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Chris Weidman predicts UFC 194 will do 1.4 million pay-per-view buys

Esther Lin, MMA Fighting

Chris Weidman knows he is going to be part of something special. He just hopes things stay that way.

Weidman defends his UFC middleweight title on Dec. 12 against former Strikeforce champion Luke Rockhold at UFC 194. With a slew of big names strewn throughout the card, including Jose Aldo and Conor McGregor's hugely hyped featherweight showdown, Weidman expects the event to be a lucrative endeavor for all involved -- as long the injury bug is kept far, far away.

"I just want the card to stay together," Weidman said Monday during an in-studio appearance on The MMA Hour. "If it stays together, I'm going to say (it does) 1.4 (million pay-per-view buys)."

Only one other event in the history of the UFC has sold more than 1.4 million pay-per-views: UFC 100, which sold 1.6 million on the strength of Brock Lesnar vs. Frank Mir II, a Georges St-Pierre title defense, plus a fight between TUF coaches Dan Henderson and Michael Bisping.

But with a killer supporting cast to go alongside the Aldo-McGregor rivalry, Weidman hopes UFC 194 can make its own mark on history.

"First of all, the Jose Aldo vs. Conor fight has been getting promoted for almost a year now, right?" Weidman said. "They've put more money into that than any other show, and it didn't happen yet. So I hope that's going to carry over and that momentum still going to be swinging.

"Then you've got me and Luke obviously as the co-main event. Anybody who's involved with this sport at all knows that this is a fight to watch. This is going to be an awesome fight."

Weidman said he is doing his part to curb the chances of a card-derailing injury by shortening his fight camp to six weeks, rather than eight. He has experimented with similarly shorter camps before and he found the results to be beneficial.

"For my last couple fights, I've been doing six weeks," Weidman said. "I do less just [to make sure I have] no injuries. Because when I go into camp, it's very serious and I'm working really hard and that's all I'm doing. There's a lot of sacrifices that have to be made on my family's side, so six weeks is when it's all about me and my camp, and six weeks has been enough.

"I used to do eight weeks and by two weeks out I'm already done. I'm like, ‘alright, I just want to fight already.' So for these last two fights, I kind of narrowed it down to six and it's really, I felt way better. I'm ready to peak at the right time."

Weidman is aware of the criticism he received after injuries twice delayed his recent title defense against Vitor Belfort, first due to a broken hand, then due to a torn cartilage in his ribs. Weidman said the experience was one he learned from, and while he doesn't pay much attention to his critics, he has since become more mindful of protecting his body to ensure he makes it to Dec. 12 intact.

"It's in my mind 100-percent, but not because of what people are thinking. It's because I want to get to the fight and provide for my family, and go out there and dominate these guys," Weidman said. "To pull out of a fight is really a tough thing, so I hit the gas 100-percent, but you have to be smart about it. You don't just jump in there with random people who want to train with you.

"As a champion, even as a UFC [fighter], everybody can relate: everywhere you go and anybody that's around you, they all want to train with you. They all want to kinda get a piece of you and go home with something to brag about. So you have to train with the right people that you don't feel like are going to create a situation where you're going to get hurt because they have an ego. So it's very important to find good people, and I have great people and great training partners."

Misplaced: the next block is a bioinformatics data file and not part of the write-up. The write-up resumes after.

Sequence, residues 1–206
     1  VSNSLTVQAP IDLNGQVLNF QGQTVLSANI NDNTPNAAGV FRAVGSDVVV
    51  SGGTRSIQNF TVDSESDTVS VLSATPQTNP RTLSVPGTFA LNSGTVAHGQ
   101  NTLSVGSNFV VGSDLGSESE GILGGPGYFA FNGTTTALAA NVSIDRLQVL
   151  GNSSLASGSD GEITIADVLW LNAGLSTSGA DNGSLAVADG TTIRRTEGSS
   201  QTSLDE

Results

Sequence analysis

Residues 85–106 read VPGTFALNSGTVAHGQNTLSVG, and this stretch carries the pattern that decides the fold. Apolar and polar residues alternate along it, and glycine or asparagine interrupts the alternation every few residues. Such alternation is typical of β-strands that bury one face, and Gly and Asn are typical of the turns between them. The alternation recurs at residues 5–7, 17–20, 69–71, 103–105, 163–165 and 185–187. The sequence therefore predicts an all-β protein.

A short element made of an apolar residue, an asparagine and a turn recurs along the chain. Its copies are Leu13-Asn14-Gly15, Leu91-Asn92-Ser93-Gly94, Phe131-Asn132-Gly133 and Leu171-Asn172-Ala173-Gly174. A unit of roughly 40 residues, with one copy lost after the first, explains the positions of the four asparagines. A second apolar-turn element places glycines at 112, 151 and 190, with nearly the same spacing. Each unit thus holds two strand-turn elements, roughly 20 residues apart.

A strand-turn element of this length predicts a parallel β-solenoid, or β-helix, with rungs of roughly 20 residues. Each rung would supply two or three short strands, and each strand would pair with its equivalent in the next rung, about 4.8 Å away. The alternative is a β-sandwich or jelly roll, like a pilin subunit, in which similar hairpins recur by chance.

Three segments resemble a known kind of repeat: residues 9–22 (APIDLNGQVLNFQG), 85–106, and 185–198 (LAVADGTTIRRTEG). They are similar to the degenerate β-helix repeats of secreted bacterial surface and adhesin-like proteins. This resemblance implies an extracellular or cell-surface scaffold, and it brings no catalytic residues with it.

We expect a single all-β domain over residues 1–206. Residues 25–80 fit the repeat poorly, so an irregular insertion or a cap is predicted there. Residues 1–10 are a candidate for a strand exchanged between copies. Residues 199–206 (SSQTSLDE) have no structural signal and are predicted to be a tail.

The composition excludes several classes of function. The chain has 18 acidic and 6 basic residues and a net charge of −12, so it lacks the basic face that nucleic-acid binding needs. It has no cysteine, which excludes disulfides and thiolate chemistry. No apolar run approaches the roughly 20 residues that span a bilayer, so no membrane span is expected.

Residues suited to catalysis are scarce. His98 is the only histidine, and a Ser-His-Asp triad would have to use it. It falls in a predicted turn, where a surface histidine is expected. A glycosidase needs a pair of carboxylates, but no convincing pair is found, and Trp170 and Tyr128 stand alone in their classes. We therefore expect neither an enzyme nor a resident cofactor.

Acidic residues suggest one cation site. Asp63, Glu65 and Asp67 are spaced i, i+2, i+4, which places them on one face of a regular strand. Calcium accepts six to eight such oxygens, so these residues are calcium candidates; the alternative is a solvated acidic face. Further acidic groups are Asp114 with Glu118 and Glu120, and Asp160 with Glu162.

Even without the hype of Aldo-McGregor, Weidman's fight against Rockhold is expected to be the most anticipated fight of the middleweight champion's post-Anderson Silva career.

Rockhold has dominated the 185-pound division over the past two years, racking up four straight finishes over ranked opposition, highlighted by a ferocious second-round finish over Lyoto Machida.

The stylistic pairing between the two middleweights makes for a fascinating contest, and even Weidman acknowledged that Rockhold feels far different than any challenger who has come before him.

"There's definitely something different," Weidman said. "Luke, I think, is a really good fighter. He really brings a lot to the table. I have a lot of respect for him. I think his game is legit, so I'm taking him very, very serious. And I think he's a good guy.

"I like him. I like him as a person. He pisses me off with some of the things he says, but it doesn't piss me off enough to where I'm going to remember it. Nothing bothers me too much."

Weidman will have his hands full at UFC 194, but if he can successfully defend his middleweight title for the fourth consecutive time, his options extending into 2016 should be interesting.

In an effort to circumvent New York's ban on mixed martial arts, the UFC booked an event at Madison Square Garden for April 23, 2016, pending the results of a federal injunction. If that federal injunction proves to be a success, a New York native like Weidman would be an obvious choice to headline or co-headline the card.

At that point, Weidman would assumedly fight either Ronaldo "Jacare" Souza or Yoel Romero, depending on who wins at UFC 194. Although another option could also present itself, one that would make the UFC's long-awaited trip to New York a purely in-state affair.

"Does Jon Jones want that tough of a fight for his first fight back?" Weidman asked, smiling. "That's the question."

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